Poppins, Ritson and Toots and the Maytals: Planning for B2B marketers

19th October 2022

“A spoonful of sugar helps the medicine go down” - Mary Poppins

“I think Marketing budgeting is f*cked” - Mark Ritson

“Give it to me one time (huh)
Give it to me two times (huh-huh)
Give it to me three times (huh-huh-huh)
Give it to me four times (huh-huh-huh-huh)” - Toots and the Maytals, 54-46

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Be more Mary

Each year, on the second Monday in September, Mary Poppins, CMO, steps up to lead DreamCo’s annual planning process.

“A spoonful of sugar,” thinks Mary, humming to herself as, in a couple of clicks, she gathers together the recently updated, comprehensive-yet-still-remarkably-concise-and-insightful market research; the perfectly accurate data on last year’s award-winningly, market-movingly successful initiatives; and the clear, simple wish lists of industry leads and BU heads from across the business (which she has, of course, already discussed, tidied and confirmed with them).

DreamCo, being a truly market-oriented company, has always seen Mary as the ideal person to lead the planning process. And they’re right.

With all the necessary data at her fingertips, Mary works hand-in-long-white-glove with the CEO to craft next year’s objectives for the business, neatly aligning them to their medium-term plan. Then, all it takes is a little sanding and planing to slot the industry leads’ and BU heads’ wish lists together to form a simple ladder (supported by just a small number of marketing initiatives) which the company will climb next year in order to reach those objectives.

Mary uses her magic formula (equal parts elixir of ERP, essence of attribution and cream of martech) to determine the budget, which, as ever, the CFO is delighted to receive and sign off with hardly a second look. In fact, Mary has put him in such a jovial mood he sends Mary a hand-drawn thank you card.

Oh my, Mary, what a marketer you are!

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If this sounds familiar, then I’m sorry to have woken you. You’ll feel better after you’ve had a shower and your first coffee.

In practice, the process of planning and budgeting in the real world can feel a bit more like this:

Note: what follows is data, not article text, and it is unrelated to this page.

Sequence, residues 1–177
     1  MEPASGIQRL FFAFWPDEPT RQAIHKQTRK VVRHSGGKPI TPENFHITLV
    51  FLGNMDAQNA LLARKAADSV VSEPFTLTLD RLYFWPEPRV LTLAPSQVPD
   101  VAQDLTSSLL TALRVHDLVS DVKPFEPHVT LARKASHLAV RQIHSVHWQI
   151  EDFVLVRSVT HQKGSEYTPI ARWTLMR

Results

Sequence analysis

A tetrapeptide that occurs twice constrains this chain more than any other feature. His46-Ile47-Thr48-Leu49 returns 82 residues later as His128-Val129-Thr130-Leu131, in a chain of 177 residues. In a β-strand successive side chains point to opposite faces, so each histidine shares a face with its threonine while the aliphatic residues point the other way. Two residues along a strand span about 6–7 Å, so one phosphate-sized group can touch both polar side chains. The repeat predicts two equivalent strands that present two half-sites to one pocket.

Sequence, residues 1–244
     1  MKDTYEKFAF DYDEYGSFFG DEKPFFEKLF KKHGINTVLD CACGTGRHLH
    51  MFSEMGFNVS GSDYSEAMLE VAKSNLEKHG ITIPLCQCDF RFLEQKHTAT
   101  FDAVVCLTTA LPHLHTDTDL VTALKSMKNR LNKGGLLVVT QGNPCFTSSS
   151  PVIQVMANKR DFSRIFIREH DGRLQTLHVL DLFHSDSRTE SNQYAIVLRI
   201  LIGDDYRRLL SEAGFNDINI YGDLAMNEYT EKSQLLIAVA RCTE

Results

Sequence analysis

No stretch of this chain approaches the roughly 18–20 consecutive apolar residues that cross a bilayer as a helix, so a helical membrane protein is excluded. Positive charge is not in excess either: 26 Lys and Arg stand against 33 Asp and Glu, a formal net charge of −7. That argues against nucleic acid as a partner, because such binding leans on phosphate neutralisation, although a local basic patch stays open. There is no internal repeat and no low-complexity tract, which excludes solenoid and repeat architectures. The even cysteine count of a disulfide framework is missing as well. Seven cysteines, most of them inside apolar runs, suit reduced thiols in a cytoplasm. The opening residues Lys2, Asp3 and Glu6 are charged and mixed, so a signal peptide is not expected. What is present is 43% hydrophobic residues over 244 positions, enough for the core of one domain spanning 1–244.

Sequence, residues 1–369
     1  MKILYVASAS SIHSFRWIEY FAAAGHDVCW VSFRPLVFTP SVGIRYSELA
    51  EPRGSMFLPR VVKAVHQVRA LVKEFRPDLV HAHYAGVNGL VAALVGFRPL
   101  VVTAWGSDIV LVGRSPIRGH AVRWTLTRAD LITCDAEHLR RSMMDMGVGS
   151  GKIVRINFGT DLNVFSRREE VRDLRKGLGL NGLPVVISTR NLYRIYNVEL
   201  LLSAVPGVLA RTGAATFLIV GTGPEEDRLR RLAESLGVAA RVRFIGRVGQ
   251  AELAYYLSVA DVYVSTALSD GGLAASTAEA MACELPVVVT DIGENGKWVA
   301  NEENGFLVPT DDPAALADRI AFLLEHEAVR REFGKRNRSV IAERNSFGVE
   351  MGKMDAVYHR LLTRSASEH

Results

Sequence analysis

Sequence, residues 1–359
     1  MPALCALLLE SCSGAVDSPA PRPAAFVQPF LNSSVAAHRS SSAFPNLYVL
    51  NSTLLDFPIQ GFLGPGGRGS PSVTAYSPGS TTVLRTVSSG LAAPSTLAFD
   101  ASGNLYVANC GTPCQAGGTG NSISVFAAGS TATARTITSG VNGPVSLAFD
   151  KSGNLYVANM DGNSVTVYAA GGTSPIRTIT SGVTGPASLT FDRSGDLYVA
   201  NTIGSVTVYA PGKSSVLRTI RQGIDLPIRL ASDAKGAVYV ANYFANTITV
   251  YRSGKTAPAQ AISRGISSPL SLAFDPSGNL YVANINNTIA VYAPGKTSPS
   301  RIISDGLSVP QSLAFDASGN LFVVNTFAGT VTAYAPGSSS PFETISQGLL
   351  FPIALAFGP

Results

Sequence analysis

planningprocess5

It’s messy, non-linear, and impacted by many things it shouldn’t be.

Maybe Mark is more realistic

Mark Ritson recently took stock of this situation, swore a bit (obvs), drank 8 pints of Guinness (mmm) and decided that the most effective way to combat this chaos, specifically in terms of setting budgets, is to take sensible benchmarks derived from much larger datasets than one company will ever have access to.

He referenced the wonderful work of Grace Kite (set the Marketing budget at 5-10% of revenue) and Binet & Field (spend 60% on brand and 40% on demand), and said that marketers shouldn’t be afraid of admitting what we don’t know in front of the CFO.

He also talked about Heston Blumenthal and chips, which made the whole thing very appetising.

It’s a pragmatic approach, and worth taking into account when you set your budget.

However , there are three considerations pertinent specifically to how B2B marketers should plan. And, for those, we need another inspiration altogether.

Turn to Toots

First, always be wary of applying generalisations to specific situations. For example, the work that Ritson references is B2C-focused. The Toots ratio (as my colleague David van Schaick calls it) from Binet & Field’s work on B2B marketing spend is actually 54% sales activation to 46% brand building. Similarly, Kite’s analysis seems to focus on CPG data, and I don’t know of comparable work based on B2B.

Second, there’s something in the refrain of Toots’ song around agility, testing and iterating:
“Give it to me one time (huh)
Give it to me two times (huh-huh)
Give it to me three times (huh-huh-huh)
Give it to me four times (huh-huh-huh-huh)”
Toots and the Maytals

Instead of just submitting your annual plan once, Toots suggests that you ‘give it to me four times.’ He’s saying that the idea of creating a single Annual Plan, as though it’s a work of unquestionable genius carved in stone, is probably not the right approach.

In practice, the best way to deal with the messiness of a complex process can be to adapt and adjust as new information comes in. Give yourself some space to do this throughout the year. Make your plan an operational document, not a library book. Really, how realistic or useful is it to go into a lot of detail beyond Q1 when you’re writing a plan in October?

In summary: The world isn’t all Mary, but that doesn’t mean you have to be a Markist. Just take a leaf from Toots’ book.

One last thing. This year, annual planning will be more important than ever, with downward pressure on many marketers’ budgets caused by events and trends beyond their control. If you’d like to have a chat about your annual planning, just drop us a message.

We can share solid evidence of why your business should be buying SoV while it’s cheap, as well as the template we’ve used to help our clients define their targets, galvanise their team and defend multimillion-dollar budgets.

 

 

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